Aside from disagreeing with you about the appropriateness of women rabbis, I fail to see the validity of your argument that they cannot perform the functions of a congregational rabbi. If a given congregation agrees with you, then they will simply not hire a woman for that post. But if the congregation feels that a woman rabbi does fill their needs, why should it bother you if they hire her? They are the ones that will be dealing with her.
And membership in the RCA? I suppose that it used to be worth something. i do not believe that now. The shutting out of most of the RCA by the Israeli rabbanut has changed things. That is the danger of frumkeit. If you are going to say that a rabbi isn't religious enough for you to recognize him, and you do this often enough, eventually people will say that they will just do without your recognition.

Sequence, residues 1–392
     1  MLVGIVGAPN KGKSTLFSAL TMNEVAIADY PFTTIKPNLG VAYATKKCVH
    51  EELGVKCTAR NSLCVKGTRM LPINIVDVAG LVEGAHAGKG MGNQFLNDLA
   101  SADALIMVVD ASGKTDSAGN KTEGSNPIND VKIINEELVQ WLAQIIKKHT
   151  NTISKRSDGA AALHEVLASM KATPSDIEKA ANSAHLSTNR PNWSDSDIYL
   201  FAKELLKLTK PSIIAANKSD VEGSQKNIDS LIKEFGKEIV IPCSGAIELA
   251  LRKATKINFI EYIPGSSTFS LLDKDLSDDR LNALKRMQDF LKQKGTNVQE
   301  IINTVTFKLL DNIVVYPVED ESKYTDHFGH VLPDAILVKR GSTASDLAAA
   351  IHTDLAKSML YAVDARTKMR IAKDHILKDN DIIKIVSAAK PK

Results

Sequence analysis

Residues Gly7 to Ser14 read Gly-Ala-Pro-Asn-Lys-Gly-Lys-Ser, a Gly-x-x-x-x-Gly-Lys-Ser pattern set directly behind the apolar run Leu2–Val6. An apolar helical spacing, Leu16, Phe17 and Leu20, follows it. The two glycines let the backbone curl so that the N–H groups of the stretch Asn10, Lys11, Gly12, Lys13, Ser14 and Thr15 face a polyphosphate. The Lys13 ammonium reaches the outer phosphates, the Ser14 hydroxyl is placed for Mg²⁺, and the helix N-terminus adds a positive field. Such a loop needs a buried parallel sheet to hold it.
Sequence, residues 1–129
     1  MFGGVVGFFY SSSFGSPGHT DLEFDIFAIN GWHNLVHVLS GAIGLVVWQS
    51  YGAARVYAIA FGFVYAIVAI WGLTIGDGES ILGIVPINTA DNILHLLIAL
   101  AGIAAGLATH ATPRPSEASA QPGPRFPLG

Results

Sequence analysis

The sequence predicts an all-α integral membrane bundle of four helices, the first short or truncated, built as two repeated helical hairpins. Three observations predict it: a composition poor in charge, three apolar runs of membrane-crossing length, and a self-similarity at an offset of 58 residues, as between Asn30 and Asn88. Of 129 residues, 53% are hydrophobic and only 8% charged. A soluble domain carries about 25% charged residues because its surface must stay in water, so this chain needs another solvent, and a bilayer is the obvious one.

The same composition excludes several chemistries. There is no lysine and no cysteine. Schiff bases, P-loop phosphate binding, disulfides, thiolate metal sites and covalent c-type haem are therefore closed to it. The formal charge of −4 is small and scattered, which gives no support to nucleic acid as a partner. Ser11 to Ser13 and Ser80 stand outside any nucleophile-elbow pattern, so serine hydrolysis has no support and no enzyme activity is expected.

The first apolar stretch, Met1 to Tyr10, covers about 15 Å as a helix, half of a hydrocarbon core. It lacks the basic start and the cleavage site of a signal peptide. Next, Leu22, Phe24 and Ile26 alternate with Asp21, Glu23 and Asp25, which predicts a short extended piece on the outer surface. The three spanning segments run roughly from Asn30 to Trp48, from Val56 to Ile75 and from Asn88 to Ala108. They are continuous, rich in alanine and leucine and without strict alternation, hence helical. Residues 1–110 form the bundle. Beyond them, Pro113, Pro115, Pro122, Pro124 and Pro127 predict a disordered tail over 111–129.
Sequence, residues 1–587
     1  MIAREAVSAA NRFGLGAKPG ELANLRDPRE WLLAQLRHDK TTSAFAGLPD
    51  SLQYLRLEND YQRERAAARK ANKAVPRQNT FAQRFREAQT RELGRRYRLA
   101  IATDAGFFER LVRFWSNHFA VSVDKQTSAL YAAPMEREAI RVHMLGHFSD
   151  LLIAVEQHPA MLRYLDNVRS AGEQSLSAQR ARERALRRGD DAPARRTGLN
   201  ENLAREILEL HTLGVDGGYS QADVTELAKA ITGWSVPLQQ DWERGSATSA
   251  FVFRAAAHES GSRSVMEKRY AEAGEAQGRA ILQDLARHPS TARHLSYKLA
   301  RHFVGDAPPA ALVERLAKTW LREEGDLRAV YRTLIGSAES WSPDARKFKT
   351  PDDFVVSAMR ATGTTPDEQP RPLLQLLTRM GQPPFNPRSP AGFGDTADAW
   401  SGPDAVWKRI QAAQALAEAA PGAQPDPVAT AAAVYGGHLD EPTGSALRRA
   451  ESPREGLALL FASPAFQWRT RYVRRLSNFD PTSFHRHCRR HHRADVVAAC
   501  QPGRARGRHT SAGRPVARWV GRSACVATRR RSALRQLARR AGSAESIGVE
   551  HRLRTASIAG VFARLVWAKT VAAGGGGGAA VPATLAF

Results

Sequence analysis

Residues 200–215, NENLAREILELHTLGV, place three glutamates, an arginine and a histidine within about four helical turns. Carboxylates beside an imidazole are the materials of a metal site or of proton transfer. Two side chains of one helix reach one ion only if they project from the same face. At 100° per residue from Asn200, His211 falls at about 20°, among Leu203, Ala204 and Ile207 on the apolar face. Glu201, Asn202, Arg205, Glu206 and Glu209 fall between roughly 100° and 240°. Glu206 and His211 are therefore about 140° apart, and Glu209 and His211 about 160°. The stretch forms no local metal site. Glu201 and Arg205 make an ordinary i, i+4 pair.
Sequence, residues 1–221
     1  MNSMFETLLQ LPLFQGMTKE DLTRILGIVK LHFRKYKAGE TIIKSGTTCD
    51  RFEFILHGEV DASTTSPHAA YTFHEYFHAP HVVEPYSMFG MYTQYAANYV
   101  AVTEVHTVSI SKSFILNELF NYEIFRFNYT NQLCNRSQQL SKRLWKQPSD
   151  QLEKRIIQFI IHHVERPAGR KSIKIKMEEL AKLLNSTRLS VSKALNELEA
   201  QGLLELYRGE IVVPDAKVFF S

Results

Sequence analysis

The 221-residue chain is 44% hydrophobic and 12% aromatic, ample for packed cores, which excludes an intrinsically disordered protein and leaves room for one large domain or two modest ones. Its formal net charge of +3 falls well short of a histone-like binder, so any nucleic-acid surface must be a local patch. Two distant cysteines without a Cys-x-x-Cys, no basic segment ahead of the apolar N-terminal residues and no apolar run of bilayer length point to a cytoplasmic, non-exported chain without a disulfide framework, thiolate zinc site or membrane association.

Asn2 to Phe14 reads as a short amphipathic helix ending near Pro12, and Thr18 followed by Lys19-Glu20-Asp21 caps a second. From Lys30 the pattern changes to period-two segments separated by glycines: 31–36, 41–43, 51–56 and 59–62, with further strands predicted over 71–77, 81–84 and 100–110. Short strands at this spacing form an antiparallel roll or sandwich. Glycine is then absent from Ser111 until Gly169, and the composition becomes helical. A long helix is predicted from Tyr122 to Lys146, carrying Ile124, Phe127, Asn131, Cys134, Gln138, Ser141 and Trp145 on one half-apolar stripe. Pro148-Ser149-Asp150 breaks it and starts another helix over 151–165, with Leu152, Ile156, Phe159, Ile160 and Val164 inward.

Top membership benefit of RCA: they have a very good retirement / investment plan. Otherwise, few rabbis woule pay their pretty steep membership dues.
Okay--I didn't know that membership in a rabbinical organization involved any of that.
its a "fraternal organization" meaning good deals on insurance (used to be / may still be), but they happen to have someone who is very good at investments doing it for members. don't know what that means, but I'm told he has (or had) very good results.
if true, its a good membership benefit. otherwise, many rabbonim wouldn't bother to join, unless they want to get into rabbinic politics (like some of the big names who got into trouble.)